AbbVie, NeuroDerm Heat Up Levodopa Competition with New Data at AAN24

MRI Scan_iStock_Shidlovski

Pictured: Doctor looking at a patient's brain scans/iStock, Shidlovski

With potential U.S. approvals on the line in Parkinson’s disease later this year, AbbVie and NeuroDerm presented promising data for their respective continuous, subcutaneous levodopa infusions at last week’s American Academy of Neurology 2024 annual meeting.

Both companies are developing novel delivery systems that allow 24-hour continuous subcutaneous delivery of their drug candidates, which according to Erela Dana, director of neurology at data analytics firm Global Data, could “improve the rate of compliance while reducing risk of motor fluctuations and levodopa-induced complications.”

At AAN24, AbbVie showed that its investigational subcutaneous treatment foslevodopa/foscarbidopa could elicit significant improvement in “on” time without troublesome dyskinesia in patients younger than 65 years of age. In Parkinson’s disease, on time refers to periods of good symptom control.

However, in those aged 65 years and older, the effect of foslevodopa/foscarbidopa was “numerical” and failed to reach statistical significance, according to AbbVie’s AAN24 abstract.

In all other patient subgroups, foslevodopa/foscarbidopa also led to “numerical improvements” in on time without troublesome dyskinesia and “off” time, which refers are the periods when symptoms grow more noticeable and difficult to manage.

According to GlobalData, AbbVie also presented long-term safety and tolerability data for foslevodopa/foscarbidopa from an open-label study. Results showed that nearly 84% of treated patients developed at least one adverse event, the most common of which were infusion site erythema and cellulitis.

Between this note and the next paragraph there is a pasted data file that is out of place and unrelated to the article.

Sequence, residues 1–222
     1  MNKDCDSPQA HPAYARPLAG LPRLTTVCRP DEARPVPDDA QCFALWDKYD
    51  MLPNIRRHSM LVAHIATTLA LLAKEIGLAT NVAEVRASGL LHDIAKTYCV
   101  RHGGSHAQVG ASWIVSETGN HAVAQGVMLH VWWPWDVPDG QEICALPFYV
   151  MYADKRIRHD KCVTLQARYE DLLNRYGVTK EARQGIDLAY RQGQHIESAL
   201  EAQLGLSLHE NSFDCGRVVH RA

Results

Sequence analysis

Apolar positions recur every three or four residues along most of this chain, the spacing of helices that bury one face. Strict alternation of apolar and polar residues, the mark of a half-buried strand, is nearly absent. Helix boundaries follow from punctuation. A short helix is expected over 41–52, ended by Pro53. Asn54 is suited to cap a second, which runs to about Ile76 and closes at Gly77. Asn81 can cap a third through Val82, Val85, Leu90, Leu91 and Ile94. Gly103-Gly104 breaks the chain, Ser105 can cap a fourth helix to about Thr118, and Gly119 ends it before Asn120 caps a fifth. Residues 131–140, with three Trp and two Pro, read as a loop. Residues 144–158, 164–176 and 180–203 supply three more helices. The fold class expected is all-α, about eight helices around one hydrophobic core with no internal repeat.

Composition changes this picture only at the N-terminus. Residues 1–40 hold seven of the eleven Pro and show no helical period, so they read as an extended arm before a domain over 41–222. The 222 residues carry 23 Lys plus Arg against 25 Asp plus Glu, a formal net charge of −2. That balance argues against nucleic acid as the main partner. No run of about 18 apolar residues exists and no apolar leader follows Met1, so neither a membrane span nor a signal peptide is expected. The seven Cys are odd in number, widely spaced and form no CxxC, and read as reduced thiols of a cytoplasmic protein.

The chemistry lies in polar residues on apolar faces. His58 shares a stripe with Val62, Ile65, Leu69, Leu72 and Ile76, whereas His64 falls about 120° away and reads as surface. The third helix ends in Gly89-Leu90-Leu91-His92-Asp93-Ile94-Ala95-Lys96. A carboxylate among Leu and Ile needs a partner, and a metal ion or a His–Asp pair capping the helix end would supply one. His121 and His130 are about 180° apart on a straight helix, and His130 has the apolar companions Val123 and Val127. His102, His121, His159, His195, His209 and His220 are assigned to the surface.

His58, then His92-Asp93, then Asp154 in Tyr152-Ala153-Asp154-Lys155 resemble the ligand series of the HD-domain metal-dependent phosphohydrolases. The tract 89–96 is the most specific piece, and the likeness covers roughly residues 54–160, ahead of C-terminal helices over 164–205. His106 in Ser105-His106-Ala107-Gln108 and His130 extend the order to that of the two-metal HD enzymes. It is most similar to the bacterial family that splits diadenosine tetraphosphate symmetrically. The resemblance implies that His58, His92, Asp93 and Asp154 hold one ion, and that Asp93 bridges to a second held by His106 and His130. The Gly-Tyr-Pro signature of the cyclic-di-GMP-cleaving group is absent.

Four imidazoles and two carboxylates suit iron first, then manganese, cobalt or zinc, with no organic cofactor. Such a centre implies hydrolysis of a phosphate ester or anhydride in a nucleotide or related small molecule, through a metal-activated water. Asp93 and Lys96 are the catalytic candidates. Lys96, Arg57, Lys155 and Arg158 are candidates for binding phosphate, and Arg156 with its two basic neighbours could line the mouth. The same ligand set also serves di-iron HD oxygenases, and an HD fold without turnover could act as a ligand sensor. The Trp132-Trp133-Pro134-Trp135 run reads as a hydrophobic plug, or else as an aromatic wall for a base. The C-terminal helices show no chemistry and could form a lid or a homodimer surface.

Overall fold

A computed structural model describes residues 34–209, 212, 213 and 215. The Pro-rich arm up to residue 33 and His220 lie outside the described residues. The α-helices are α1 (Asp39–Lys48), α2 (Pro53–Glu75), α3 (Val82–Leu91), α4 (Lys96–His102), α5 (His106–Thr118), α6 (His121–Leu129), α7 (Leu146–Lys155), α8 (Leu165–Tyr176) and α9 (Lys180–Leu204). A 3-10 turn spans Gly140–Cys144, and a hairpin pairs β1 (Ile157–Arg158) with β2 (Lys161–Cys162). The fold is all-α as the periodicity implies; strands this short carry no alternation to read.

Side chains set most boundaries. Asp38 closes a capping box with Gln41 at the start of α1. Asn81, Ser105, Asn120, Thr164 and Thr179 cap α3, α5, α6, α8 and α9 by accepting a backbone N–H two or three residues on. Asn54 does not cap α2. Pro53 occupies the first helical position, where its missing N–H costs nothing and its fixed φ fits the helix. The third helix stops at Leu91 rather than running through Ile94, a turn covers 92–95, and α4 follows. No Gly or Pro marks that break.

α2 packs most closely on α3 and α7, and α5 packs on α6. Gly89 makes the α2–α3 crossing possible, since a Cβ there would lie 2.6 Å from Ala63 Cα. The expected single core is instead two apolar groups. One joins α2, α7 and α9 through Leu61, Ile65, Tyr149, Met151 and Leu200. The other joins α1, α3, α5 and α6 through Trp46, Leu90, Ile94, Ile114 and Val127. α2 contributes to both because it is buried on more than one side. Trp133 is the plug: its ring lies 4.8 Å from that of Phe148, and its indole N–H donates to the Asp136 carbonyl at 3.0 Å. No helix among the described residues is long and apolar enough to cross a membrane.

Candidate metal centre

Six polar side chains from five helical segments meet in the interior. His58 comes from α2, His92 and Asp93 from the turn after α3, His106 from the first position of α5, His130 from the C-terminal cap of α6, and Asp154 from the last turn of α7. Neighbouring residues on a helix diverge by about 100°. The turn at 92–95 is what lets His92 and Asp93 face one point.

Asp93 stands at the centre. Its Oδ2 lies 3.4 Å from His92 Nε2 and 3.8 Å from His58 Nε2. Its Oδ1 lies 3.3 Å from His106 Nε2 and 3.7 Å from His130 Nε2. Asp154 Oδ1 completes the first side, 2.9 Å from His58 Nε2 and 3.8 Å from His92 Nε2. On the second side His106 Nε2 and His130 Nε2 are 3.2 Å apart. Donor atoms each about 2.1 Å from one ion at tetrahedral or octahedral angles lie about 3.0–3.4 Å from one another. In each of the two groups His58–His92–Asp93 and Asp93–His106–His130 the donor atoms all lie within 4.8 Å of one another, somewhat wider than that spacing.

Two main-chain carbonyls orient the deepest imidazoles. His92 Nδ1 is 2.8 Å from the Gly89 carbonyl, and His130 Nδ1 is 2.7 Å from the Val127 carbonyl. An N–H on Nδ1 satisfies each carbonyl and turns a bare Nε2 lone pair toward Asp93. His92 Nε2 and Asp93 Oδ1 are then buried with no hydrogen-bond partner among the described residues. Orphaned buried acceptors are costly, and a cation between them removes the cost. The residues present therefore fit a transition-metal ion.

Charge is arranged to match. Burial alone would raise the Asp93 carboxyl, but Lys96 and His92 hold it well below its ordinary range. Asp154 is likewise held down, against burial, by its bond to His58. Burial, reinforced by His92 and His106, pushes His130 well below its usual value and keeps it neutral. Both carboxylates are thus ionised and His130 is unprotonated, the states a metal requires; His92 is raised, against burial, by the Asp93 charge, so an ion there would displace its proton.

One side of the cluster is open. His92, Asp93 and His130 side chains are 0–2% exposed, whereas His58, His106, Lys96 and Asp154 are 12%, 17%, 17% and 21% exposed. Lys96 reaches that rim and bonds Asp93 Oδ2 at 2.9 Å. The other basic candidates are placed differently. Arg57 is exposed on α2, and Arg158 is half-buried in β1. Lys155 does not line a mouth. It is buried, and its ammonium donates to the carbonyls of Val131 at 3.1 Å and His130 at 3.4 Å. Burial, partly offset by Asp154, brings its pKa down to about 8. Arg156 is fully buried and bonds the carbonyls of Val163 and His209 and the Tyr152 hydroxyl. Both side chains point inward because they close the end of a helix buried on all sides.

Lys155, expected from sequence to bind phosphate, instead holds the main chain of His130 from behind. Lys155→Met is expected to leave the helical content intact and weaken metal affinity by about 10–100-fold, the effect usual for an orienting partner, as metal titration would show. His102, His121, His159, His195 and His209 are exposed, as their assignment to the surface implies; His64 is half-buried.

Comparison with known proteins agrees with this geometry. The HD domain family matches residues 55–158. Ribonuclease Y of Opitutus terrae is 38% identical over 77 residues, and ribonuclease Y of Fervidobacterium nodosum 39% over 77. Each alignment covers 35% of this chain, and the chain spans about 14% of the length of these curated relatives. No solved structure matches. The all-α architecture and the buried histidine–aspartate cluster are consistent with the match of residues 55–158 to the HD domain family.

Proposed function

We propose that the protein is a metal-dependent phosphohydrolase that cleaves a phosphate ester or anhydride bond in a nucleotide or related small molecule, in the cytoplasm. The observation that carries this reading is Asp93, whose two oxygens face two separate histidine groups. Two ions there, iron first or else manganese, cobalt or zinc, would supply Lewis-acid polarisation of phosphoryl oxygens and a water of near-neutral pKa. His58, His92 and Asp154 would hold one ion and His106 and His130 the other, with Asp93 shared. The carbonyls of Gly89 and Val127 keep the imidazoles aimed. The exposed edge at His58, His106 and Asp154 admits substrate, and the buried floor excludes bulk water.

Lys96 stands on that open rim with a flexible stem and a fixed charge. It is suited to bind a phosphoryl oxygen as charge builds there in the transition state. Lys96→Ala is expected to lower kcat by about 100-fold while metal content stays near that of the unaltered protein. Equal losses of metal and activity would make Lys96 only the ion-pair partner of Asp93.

“The success of levodopa infusion systems requires avoidance of infusion-site reactions and reduced discontinuation rates due to safety and tolerability issues,” Dana said, adding that AbbVie’s data “addresses some of these concerns.”

AbbVie is developing foslevodopa/foscarbidopa—a combination of prodrugs of levodopa and carbidopa, respectively—for the treatment of motor disturbances in adult patients with advanced Parkinson’s disease. In March 2023, the FDA hit the drug candidate with a Complete Response Letter, requesting additional information regarding its pump system. AbbVie at the time said it planned to resubmit the application.

At AAN24, NeuroDerm also presented data from a subgroup analysis of its Parkinson’s disease candidate ND0612, which improved on time without troublesome dyskinesia and had an “overall homogenous” effect when disaggregating patients according to age, sex, baseline disease severity and other factors.

Overall, ND0612 was able to improve on time without troublesome dyskinesia by 1.72 hours, according to NeuroDerm’s AAN24 abstract.

ND0612 is a drug-device combination therapy that allows the continuous infusion of a levodopa/carbidopa mixture. The investigational product is being developed to treat motor fluctuations in Parkinson’s disease and has a target action date in the second quarter of 2024.

While NeuroDerm could beat AbbVie in the race to U.S. commercialization, Dana notes that if both products receive FDA approval real-world evidence and longer-term follow-up data “could provide a competitive edge in the absence of a head-to-head trial.”

Tristan Manalac is an independent science writer based in Metro Manila, Philippines. Reach out to him on LinkedIn or email him at or

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